Ankara's crackdown on Turkish media continued on Monday (October 31), with state media in Turkey reporting that Cumhuriyet editor Murat Sabuncu, and eight other newspaper staff were detained by police, while arrest warrants were also issued for a number of others
The Istanbul chief prosecutor's office released a statement saying the probe into Cumhuriyet was launched amid allegations the paper and its staff were engaging in activities "on behalf of" the movement of exiled cleric Fethullah Gulen and the banned Kurdistan Workers' Party (PKK).
11 Cumhuriyet journalists detained today. 15 media shut down this w/e. State of emergency is cover for systematic purge of dissenting voices— Andrew Gardner (@andrewegardner) October 31, 2016
Gulen has been accused by the Turkish government of being the mastermind behind Turkey's fail coup in July, which resulted in the deaths of more than 270 people.
The crackdown on Cumhuriyet is set to further inflame tensions between Turkey and the EU, with European leaders criticizing Ankara's approach to the country's media in the wake of July's failed coup.
New closures of media, deplorable raid on daily #Cumhuriyet show how little regard is left for media freedom & pluralism in #Turkey— Nils Muiznieks (@CommissionerHR) October 31, 2016
The detention of Murat Sabuncu and other #Cumhuriyet journalists is yet another red-line crossed against freedom of expression in #Turkey— Martin Schulz (@MartinSchulz) October 31, 2016
Critics have accused President Recep Tayyip Erdogan of using an emergency decree imposed after the coup to silence political and social opposition, with more than 100,000 people being either sacked or suspended from their jobs since July.
Death Penalty Concerns
The European concerns over the perceived purges in the media and civil society has also been compounded by suggestions that the Turkish government is looking to reintroduce the death penalty.
"Soon, soon, don't worry. It's happening soon, God willing," Erdogan told supporters in Ankara on Saturday, while crowds chanted:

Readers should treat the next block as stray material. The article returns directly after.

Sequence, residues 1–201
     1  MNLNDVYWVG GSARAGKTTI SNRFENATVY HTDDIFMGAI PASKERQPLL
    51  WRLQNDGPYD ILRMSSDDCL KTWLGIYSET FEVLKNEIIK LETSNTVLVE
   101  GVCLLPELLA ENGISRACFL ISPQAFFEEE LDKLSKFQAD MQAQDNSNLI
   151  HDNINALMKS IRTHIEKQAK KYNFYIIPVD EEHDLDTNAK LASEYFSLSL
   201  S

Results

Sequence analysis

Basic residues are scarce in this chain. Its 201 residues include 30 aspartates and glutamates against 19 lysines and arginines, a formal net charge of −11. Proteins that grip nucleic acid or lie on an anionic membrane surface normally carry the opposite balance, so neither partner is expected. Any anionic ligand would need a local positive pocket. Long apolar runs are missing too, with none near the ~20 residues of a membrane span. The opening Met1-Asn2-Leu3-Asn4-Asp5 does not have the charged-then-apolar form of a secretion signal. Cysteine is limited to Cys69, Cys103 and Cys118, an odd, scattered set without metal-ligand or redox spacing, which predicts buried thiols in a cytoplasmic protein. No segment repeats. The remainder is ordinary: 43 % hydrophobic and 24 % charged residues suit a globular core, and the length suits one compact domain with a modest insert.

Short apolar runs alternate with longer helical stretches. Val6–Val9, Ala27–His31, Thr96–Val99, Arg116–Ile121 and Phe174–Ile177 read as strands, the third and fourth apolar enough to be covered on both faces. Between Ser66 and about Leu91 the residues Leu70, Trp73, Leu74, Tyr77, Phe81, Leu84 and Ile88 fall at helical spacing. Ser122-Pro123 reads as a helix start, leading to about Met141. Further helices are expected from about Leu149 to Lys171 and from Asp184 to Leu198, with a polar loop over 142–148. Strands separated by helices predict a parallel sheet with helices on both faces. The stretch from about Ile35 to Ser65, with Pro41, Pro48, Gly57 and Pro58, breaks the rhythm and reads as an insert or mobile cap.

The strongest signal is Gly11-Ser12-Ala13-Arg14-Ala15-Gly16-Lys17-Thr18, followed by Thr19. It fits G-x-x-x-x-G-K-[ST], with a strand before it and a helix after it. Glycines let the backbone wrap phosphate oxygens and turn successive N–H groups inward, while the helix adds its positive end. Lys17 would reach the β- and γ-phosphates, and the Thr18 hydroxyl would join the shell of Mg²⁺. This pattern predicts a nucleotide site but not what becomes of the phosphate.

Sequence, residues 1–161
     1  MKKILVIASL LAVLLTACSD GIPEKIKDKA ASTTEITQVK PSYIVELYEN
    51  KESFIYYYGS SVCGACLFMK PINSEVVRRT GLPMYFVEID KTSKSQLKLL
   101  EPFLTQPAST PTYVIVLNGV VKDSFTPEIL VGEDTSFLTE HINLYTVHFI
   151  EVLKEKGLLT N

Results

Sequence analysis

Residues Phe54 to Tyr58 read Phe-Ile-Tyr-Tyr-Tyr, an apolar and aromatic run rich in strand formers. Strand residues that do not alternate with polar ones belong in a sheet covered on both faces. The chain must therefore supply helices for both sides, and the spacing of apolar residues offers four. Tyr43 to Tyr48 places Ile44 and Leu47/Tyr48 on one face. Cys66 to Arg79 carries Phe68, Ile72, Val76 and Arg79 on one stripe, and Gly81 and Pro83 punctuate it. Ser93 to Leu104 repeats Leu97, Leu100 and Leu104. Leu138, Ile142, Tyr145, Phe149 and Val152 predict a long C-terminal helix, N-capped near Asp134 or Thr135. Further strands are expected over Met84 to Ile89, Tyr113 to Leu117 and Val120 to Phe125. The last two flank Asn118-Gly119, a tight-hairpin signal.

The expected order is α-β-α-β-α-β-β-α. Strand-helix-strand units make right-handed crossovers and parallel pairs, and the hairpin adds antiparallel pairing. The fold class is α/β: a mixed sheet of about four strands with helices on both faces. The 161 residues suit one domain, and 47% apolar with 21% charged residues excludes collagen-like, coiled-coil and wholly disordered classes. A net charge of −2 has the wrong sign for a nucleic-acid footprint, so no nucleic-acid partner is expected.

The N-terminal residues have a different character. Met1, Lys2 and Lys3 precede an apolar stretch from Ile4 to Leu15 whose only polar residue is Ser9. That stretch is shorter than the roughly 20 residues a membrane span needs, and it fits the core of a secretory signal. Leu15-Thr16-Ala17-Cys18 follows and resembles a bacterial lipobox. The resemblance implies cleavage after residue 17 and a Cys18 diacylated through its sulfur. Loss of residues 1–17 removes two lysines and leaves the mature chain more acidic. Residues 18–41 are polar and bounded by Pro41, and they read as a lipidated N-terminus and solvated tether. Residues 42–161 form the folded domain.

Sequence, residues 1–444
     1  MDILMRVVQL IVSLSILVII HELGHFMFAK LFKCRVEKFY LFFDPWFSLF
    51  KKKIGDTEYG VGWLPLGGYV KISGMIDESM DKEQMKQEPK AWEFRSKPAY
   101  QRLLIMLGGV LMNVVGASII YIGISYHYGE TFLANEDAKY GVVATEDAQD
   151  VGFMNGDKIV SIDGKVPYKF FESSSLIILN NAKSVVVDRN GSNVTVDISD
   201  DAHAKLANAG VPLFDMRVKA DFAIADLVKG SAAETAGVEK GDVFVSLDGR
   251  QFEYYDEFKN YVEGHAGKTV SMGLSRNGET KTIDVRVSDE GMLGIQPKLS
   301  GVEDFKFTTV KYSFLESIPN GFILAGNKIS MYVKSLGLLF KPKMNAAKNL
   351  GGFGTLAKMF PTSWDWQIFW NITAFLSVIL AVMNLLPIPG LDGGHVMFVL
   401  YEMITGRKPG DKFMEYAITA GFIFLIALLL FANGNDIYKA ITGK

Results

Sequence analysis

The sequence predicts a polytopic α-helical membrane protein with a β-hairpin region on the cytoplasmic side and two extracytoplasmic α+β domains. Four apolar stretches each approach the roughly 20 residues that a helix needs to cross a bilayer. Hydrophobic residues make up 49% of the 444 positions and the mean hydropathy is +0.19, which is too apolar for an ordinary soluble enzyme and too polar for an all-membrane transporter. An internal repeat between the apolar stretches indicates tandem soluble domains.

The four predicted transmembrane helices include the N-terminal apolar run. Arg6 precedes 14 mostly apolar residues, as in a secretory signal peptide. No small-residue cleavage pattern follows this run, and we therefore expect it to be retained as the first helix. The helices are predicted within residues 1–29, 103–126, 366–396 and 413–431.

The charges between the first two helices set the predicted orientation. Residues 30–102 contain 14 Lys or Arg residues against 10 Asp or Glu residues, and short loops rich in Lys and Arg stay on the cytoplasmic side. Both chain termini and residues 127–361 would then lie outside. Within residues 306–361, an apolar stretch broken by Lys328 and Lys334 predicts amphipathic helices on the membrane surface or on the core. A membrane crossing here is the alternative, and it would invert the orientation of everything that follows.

"We want the death penalty."
While not setting out a timeline, Erdogan said the proposal would be taken to parliament.
President Erdogan stated that most of the countries still have death penalty but the data shows other wise.https://t.co/Vw0XyS9q1C#Turkey pic.twitter.com/63AyyShkCH— Ferdi Ferhat Özsoy (@Ferdi_Ozsoy) October 30, 2016
Capital punishment was abolished in Turkey in 2004 as part of plans to gain EU accession, however calls for a return have increased following July's failed coup.
European officials were quick to condemn any plans to reintroduce the death penalty, with Austrian Foreign Minister Sebastian Kurz saying such a development would "slam the door shut to the European Union."
With his initiative about reintroduction of the death penalty #Erdogan forfeits any chances for Turkey's accession to the #EU.— Thomas Schmitz (@tschmitz_eu) October 31, 2016
"The death penalty is a cruel and inhumane form of punishment, which has to be abolished worldwide and stands in clear contradiction to the European values," Kurz told the Austrian Press Agency.
The Council of Europe, which is separate from the EU, also warned Ankara against bringing back capital punishment, saying: "Executing the death penalty is incompatible with membership of the Council of Europe," of which Turkey is a member.
Fears for Migration Deal
The latest developments have raised more questions over the future of the EU-Turkey migration deal, with fears rising tensions between the parties could scupper it.
The EU has been critical of the Turkish government's post-coup actions, sparking an angry rebuke from Ankara, who argued it had not received adequate support and solidarity from its European partners.
EU-Turkey deal fails → No of migrants on the rise → tensions btw #Macedonia & #Greece likely → rest of #BalkanRoute affected. #BelSecForum— Andreja Bogdanovski (@BogdanovskiA) October 12, 2016
While the crackdown on the country's media is set to inflame tensions, the potential reintroduction of the death penalty is seen as a "red line" issue for Europe that would officially put an end to Turkey's EU accession plans and would likely sink the migration deal negotiated between Ankara and Brussels.
Such a development would be seen as a disaster in Brussels, with European officials repeatedly ruling out suggestions of a "Plan B" migration plan, while others fear a collapse in the deal could once again trigger a mass migration of people from Turkey towards Greece.